Let’s set the record straight: being an entrepreneur is NOT for everyone. And just like a singing career and a record label contract to SONY Entertainment, being your own boss should not be something everyone should aspire to become. Sorry if I shattered your China wear, friend, but this is the ugly truth about the ugly truth.

The inspiration to become your own boss usually begins with the voice within, whispering, “I can do this on my own, I can do this better than the company, heck — I can even do this better than my boss”.  If you ever hear this voice within, quickly grab yourself a cold ice bucket and shove it down your head. Get rid of that tiny voice and call upon the voice repellent gods to shun that voice away. Why? Because the harsh reality is that 9 out of 10 businesses fail and 96% of businesses shut down within the first 10 years. If, for some persistent reason, you think you have what it takes to run your own game, then come up with a game plan. I had to save an entire year before I formally told my boss I would be quitting my corporate job.

Whether you have a job, find yourself broke, or freelance, come up with your game plan before you venture on your own:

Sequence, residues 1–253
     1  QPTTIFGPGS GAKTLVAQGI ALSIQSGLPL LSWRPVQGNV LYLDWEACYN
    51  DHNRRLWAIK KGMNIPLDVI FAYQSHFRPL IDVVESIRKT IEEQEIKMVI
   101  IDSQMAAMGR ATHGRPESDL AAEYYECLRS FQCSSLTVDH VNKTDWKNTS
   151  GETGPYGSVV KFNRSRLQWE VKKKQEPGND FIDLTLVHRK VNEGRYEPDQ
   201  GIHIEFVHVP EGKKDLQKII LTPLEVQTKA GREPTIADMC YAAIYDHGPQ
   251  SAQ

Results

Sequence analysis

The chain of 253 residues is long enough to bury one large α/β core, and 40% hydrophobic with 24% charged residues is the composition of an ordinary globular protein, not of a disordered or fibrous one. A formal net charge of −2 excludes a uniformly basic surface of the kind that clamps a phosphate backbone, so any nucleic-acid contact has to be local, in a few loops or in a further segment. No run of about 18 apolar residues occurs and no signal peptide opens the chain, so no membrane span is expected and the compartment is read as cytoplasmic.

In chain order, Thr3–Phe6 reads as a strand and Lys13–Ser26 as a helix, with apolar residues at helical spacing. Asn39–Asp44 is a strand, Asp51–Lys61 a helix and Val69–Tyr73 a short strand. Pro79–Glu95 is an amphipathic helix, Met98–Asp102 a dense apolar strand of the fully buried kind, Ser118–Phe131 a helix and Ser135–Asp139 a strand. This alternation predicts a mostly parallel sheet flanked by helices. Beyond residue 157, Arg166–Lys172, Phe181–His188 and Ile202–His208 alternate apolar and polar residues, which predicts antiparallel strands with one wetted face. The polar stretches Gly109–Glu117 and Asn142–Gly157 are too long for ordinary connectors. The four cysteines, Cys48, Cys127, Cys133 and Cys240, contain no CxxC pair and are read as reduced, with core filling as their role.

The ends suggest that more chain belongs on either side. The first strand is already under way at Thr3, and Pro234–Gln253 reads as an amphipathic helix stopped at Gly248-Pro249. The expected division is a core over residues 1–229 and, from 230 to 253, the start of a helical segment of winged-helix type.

• It’s never too early (or late) to talk to a financial advisor. Most people think that financial advisors are costly, but in fact, they are free (for the most part) and you can begin with your bank. See if you can open an investment portfolio or set up a retirement account.
  • Make sure you have at least three months worth of savings to keep you covered. Don’t begin a business if you don’t have the financial means to cover your basic costs while you build a business. Building business profits can take up to a year so plan ahead!
  • Look for angel investors to provide you with capital. These are individuals who provide startups with capital in exchange for convertible debt or ownership equity.
  • Immediately set up a sheet of expenses (similar to an expense report for a business) and see where you can cut costs for yourself. Trust me I tried this for my business and I was shocked to see how much I was spending on software. Cutting your household costs can help you survive during start-up months. Also, looking at something concrete helps you make rational spending cuts rather than intuitive spending cuts.
  • See if you can partner with other business owners or organizations that offer similar or complementary services in order for you to reduce in-house inventory costs. Remember, you are a small business so having everything done in-house can skyrocket costs for you and you don’t want to tap into your savings for something you can simply outsource.